A message to Colombo

If its next meeting is not moved from Sri Lanka,the Commonwealth will have abandoned its enlightened commitments

Written by James Manor | Published on:March 7, 2013 3:30 am

India will soon be blamed — unjustly — for an international catastrophe. Since 1991,the Commonwealth has been a potent force behind the scenes for democracy,rights and human dignity. For example,it has persuaded the leaders of several one-party states to adopt open multi-party systems and it has ensured that leaders who have lost elections do not cling onto power. This admirable record is about to be squandered.

The next Commonwealth heads of government meeting in November is scheduled for Sri Lanka where an abusive government has committed multiple outrages. If that meeting is not moved elsewhere,the Commonwealth will abandon its enlightened commitments. Its irresolute secretary general,Kamalesh Sharma,has blocked a change of venue. Because he is a former Indian diplomat,New Delhi will be blamed.

This is already beginning to happen. Some commentators are saying that India urged Sharma to avoid offending Sri Lanka’s leaders because it is anxious about China’s growing influence there. It is true that China has invested massively in the island and that in 2011,President Mahinda Rajapaksa made a threatening telephone call to a newspaper editor in an unsuccessful attempt to suppress a report that the Chinese had given him $9 million to be used at his discretion. But India has not tried to restrain the secretary general.

Senior figures in the foreign policy establishment in New Delhi and in Commonwealth circles in London plainly state that India’s leaders are exasperated with Sri Lanka’s leaders and their brutish actions. India has privately urged the Commonwealth to take a tough line. The timid secretary general has rejected that advice.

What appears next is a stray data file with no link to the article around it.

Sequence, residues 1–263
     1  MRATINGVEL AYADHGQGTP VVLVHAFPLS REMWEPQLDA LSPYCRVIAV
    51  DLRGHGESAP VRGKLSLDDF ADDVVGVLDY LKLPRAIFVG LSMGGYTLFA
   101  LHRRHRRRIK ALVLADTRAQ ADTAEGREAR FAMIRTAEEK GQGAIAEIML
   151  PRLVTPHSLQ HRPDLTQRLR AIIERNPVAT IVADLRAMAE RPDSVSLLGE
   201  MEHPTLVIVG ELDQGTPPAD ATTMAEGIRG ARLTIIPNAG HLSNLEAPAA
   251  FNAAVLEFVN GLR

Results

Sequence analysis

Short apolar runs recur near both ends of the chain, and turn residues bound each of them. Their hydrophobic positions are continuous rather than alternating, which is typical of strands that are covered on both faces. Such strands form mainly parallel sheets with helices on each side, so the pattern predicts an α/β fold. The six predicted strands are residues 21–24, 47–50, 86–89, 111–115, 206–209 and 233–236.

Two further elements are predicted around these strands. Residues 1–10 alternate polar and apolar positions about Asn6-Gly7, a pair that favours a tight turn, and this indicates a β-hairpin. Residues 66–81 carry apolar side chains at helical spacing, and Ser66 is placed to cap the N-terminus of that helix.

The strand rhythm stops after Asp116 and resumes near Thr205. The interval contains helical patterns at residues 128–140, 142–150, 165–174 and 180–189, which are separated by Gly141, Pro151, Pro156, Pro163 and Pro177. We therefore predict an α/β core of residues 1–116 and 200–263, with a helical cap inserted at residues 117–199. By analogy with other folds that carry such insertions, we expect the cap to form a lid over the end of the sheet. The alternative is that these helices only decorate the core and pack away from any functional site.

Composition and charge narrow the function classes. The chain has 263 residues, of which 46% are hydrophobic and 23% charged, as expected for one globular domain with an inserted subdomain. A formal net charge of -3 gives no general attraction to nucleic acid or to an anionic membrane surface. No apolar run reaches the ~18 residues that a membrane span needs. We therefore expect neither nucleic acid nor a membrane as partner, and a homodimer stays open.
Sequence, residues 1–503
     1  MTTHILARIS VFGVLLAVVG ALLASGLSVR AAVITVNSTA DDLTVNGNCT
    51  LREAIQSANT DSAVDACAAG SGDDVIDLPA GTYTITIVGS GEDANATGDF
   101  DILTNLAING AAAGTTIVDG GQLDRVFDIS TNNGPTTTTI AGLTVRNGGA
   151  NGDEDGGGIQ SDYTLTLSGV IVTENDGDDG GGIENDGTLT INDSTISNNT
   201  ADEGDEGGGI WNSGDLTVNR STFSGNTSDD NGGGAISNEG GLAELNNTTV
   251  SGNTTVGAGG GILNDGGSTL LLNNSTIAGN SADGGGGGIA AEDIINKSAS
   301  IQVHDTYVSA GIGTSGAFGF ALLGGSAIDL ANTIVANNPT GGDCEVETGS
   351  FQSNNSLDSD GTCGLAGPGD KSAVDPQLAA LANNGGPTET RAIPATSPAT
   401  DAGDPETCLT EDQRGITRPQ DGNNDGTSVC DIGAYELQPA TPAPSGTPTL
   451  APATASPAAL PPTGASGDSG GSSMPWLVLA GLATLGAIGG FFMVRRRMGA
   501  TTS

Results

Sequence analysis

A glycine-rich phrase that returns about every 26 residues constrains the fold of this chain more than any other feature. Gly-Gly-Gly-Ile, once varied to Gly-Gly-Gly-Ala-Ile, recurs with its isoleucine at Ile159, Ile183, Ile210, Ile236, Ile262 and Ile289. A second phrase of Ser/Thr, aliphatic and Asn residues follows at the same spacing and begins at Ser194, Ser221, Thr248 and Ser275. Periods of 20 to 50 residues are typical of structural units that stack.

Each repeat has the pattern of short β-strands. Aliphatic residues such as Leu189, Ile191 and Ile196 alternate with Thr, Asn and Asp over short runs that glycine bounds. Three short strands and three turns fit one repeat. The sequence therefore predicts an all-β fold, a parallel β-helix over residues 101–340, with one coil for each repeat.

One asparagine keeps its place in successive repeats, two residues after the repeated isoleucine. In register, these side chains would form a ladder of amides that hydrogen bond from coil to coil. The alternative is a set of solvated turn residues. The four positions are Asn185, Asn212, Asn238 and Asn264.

New Delhi is especially unhappy about a decision last month by Rajapaksa to break an assurance to Indian leaders to transfer significant powers to elected regional councils,to give the island’s Tamil minority some autonomy. Instead,he announced that power would be radically centralised. After that snub to India,when Rajapaksa visited Bodh Gaya and Tirupati last month,no Central government minister met him.

Indian leaders are also well aware of the brutal approach to Tamil non-combatants in the final phase of the civil war in 2009. An investigation by a panel appointed by the UN secretary general described the actions of Sri Lanka’s army as “appalling”. More recently,an Indian TV channel aired telling evidence from Britain’s Channel Four that the 12-year-old son of LTTE leader V. Prabhakaran was shot dead at close range while in the custody of the Sri Lankan army.

The Commonwealth secretary general has meekly expressed hope that the behaviour of the island’s leaders will improve,but their actions since the civil war ended have continued to cause grave concern. In response,US President Barack Obama’s assistant secretary of state has warned them to take note of the warrants issued by the International Criminal Court against Muammar Gaddafi’s son for flouting international humanitarian law.

Recently,the chief justice of Sri Lanka’s Supreme Court was impeached after rulings that were inconvenient to the executive. This violated Commonwealth commitments to judicial independence. When the International Bar Association protested and tried to send the former chief justice of India,J.S. Verma,to Colombo for discussions,he was …continued »

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